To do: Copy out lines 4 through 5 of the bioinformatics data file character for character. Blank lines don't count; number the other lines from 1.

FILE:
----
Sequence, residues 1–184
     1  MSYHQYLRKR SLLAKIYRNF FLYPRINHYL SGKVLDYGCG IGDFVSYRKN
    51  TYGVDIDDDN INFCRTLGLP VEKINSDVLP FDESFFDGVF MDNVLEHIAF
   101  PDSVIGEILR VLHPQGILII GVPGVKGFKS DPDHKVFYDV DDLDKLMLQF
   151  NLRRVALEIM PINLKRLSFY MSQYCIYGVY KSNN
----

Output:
   101  PDSVIGEILR VLHPQGILII GVPGVKGFKS DPDHKVFYDV DDLDKLMLQF
   151  NLRRVALEIM PINLKRLSFY MSQYCIYGVY KSNN